First Impressions of the New Fuji X-T2
with Chris Cochran
I don’t usually get hyped on the latest and newest gear to come out except for a few exceptions. I always love to see what DJI comes up with because their advancements and price point always amazes me, I will be extremely happy once Canon announces something big in the next coming months, and the final exception is when it comes to a lot of the Fuji gear. I love Fuji lenses, I just think they are the best mirrorless native glass out there and that is my personal opinion. I would choose a Fuji lens over the native glass for Sony, Olympus, and Panasonic… for right now. But that’s just me and my opinion.
I don’t usually get hyped over bodies although the last one I did get excited for was the camera I currently use a lot for travel, personal use, and just fun which is my Fujifilm X-T1. I got really, really excited for that camera. Now I am finally excited for another body and it’s the Fujifilm X-T2.
Today, I got the opportunity to take a pre-production Fujifilm X-T2, that is not expected to come out for another month and a half, for a test drive and I gave the camera back dying for my shipment confirmation notice to come in for my very own.
Here are my first impressions of the Fuji X-T2 and I hope it helps you if you are either considering pre-ordering this camera or on the fence about buying it. This is my personal opinion and is not sponsored by Fuji or anything like that.
First off, I love this body design. It’s not dramatically different from the X-T1 from the outside and I love that because the design of the body was the main reason I like the X-T1 so much. The body style to me is classic, it’s retro with a modern twist, and it’s rugged. This camera always feels like it can take a beating through travel even though it is so small. I don’t worry about it slung across my back with just it’s strap for the majority of the day; especially with it being weather resistant. But one of the big things that I love about the X-T2’s body design is that they FINALLY put in locking buttons on the dials. Before on the X-T1 you had to push down a center button in order to be able to adjust the shutter and ISO on the camera and if you are in fast paced situation it can sometimes be hard to turn the dials with your eye still in the Electronic Viewfinder. It’s especially difficult for someone like me who loves to wear hats everyday because the bill of my hat usually gets in the way for pressing down the button. Now you will be able to lock and unlock these dials to freely turn them or stay in place as you please which is crucial.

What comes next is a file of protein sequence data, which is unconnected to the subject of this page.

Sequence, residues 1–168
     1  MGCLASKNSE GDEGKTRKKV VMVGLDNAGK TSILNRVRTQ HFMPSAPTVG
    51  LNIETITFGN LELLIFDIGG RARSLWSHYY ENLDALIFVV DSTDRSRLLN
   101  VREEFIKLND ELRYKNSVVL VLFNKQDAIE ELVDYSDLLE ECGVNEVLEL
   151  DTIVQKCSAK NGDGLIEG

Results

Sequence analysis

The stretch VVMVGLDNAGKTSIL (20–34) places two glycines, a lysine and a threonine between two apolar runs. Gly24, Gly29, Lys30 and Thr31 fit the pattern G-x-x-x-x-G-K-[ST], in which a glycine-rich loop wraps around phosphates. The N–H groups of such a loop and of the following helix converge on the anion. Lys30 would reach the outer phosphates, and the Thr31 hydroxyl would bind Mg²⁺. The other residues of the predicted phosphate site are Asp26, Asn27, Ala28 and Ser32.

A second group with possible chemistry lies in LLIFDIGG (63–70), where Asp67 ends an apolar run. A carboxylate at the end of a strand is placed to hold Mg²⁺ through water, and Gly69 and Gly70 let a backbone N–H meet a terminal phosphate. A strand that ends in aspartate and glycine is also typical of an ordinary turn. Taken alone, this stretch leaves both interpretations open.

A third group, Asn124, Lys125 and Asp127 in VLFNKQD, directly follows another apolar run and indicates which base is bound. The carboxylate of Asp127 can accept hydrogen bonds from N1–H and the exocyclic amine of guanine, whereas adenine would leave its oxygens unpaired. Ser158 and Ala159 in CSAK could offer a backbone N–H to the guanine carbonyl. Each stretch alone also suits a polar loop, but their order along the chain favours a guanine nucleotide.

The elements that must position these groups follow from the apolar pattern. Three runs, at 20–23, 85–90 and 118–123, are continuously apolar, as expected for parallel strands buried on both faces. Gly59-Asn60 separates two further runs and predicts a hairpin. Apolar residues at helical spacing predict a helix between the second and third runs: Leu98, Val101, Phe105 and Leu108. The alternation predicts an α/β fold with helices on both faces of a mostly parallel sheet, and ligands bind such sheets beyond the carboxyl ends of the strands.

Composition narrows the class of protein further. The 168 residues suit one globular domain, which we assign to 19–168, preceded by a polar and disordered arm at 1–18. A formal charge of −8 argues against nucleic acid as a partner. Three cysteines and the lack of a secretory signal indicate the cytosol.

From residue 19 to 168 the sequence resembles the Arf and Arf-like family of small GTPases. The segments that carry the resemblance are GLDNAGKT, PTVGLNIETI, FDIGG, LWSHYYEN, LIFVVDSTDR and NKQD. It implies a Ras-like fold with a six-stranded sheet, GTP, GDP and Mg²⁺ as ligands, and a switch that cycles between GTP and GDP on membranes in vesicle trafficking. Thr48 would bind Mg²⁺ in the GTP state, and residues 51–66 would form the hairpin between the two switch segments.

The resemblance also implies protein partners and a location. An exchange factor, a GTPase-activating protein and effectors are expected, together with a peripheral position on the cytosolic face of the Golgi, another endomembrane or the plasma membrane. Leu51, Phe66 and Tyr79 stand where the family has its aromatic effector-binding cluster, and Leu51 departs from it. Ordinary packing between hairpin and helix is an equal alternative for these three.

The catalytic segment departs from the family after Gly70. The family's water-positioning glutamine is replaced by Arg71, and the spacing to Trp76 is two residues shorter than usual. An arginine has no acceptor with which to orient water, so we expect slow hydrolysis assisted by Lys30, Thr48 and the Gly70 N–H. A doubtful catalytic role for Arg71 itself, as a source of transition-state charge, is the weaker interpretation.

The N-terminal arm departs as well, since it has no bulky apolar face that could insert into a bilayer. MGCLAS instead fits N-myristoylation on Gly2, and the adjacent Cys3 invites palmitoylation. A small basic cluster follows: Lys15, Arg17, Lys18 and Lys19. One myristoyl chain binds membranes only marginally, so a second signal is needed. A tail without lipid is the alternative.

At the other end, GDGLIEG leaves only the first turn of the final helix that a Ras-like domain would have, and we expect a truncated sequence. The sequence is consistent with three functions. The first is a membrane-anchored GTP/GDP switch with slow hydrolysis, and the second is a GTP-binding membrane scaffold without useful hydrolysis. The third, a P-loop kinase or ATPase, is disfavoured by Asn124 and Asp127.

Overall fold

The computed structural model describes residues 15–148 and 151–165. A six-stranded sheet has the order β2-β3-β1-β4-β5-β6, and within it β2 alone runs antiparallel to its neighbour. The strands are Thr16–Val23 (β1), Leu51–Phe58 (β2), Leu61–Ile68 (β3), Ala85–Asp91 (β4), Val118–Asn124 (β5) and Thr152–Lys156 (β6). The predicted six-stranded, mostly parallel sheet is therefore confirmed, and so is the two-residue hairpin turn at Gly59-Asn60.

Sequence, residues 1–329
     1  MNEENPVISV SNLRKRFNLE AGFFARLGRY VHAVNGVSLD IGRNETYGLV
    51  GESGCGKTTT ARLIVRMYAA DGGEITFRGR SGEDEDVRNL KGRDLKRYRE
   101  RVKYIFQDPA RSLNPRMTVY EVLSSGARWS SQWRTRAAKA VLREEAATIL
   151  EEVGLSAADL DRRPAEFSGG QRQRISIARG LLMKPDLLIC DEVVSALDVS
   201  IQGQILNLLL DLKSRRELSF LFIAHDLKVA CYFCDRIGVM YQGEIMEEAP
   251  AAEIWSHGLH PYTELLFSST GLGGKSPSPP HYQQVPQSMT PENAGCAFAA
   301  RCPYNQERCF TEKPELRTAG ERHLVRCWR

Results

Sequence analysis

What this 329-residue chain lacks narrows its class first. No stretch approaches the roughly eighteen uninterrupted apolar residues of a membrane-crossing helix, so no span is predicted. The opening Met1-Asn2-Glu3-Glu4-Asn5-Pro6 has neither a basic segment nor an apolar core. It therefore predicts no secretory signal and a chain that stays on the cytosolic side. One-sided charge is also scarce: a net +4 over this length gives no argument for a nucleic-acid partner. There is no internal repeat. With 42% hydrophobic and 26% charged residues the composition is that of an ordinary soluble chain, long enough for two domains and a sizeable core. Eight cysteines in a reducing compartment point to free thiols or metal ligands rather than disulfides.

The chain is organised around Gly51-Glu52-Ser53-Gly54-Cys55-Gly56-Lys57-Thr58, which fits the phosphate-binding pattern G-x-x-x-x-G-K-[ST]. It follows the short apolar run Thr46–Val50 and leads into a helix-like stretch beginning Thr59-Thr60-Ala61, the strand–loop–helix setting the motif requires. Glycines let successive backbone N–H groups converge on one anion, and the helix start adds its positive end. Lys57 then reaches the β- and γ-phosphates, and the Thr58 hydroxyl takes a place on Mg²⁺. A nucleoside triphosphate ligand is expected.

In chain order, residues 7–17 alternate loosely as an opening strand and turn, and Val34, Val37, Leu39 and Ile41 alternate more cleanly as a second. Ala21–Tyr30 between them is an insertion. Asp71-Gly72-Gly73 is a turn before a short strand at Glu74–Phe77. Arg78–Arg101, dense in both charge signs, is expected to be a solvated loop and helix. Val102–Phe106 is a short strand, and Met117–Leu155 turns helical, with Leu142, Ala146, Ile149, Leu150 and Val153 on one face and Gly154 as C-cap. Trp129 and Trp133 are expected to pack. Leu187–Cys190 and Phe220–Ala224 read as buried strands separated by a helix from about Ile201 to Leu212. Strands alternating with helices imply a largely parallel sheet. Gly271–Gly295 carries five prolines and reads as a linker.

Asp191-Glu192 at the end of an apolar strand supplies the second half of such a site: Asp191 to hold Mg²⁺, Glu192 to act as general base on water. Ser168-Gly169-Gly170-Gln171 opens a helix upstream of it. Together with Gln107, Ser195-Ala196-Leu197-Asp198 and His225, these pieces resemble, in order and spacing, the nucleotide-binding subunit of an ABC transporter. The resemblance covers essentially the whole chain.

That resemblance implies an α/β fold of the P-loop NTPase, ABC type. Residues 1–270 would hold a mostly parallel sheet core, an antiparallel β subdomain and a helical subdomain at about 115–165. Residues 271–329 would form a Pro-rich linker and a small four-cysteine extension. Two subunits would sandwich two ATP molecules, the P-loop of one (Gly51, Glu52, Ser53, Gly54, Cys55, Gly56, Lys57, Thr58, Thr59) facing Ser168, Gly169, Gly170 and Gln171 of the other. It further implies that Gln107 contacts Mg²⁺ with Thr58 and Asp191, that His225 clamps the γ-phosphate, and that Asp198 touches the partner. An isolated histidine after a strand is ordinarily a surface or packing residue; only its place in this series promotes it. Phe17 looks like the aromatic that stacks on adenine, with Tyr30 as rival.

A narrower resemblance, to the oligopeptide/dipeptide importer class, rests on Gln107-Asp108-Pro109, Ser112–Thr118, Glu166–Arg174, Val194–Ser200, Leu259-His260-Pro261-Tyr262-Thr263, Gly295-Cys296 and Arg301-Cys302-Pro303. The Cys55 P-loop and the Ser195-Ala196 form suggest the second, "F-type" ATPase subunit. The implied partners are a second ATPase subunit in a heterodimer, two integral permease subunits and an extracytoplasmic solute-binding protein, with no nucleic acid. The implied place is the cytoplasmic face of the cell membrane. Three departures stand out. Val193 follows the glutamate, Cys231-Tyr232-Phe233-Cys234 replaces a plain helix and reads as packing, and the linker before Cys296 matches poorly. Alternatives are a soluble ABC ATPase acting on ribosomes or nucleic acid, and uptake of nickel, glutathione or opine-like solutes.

Next was my biggest downfall with the X-T1 and most mirrorless systems in general; autofocus. I can’t stand slow autofocusing. It is the most crucial thing to me and the way I shoot and for the situations I shoot. Whether it’s a concert or an event I want that moment captured when I see it about to happen. I know some people might shoot mostly in manual focus mode which is great for you but a lot of what I shoot outside of my real estate work is autofocus based. My Canon 5D III is legendary for it’s autofocus system and so when I first picked up the X-T1 I was SO DISAPPOINTED with the autofocus system.
The Fuji X-T1 was supposed to be amazing in low light but I couldn’t tell because I can’t even get it to nail autofocus in low light a portion of the time. I missed so many moments while my Canon would have no problem. Let’s just say one word about my autofocus reaction on the X-T2… GREAT! Seriously probably one of the fastest mirrorless systems with native lenses I have had my hands on and I just spent an evening shooting the Sony A7Rii with the new FE 70-200mm f/2.8 G Master Lens that just came out (as seen on the right). I have been trying to make the jump to Sony so much from my Canon setup but the autofocus speed, battery and Sony lens selection have deterred me. This Fuji X-T2 though was amazingly fast for a mirrorless. It is still a hair slower than the high end DSLR setup but night and day compared to the Fuji X-T1 and even an improvement from the recently released Fujifilm X-Pro2 that we had on hand for comparisons. Granted I didn’t test this in low light to see if there are improvements there but already the system put a huge smile on my face. I was able to go from completely out of focus to sharp on someone’s face in no time flat while with the Sony A7Rii and G Master lens the very first time I tried that the zoom racked past the focus subject and I was instantly upset.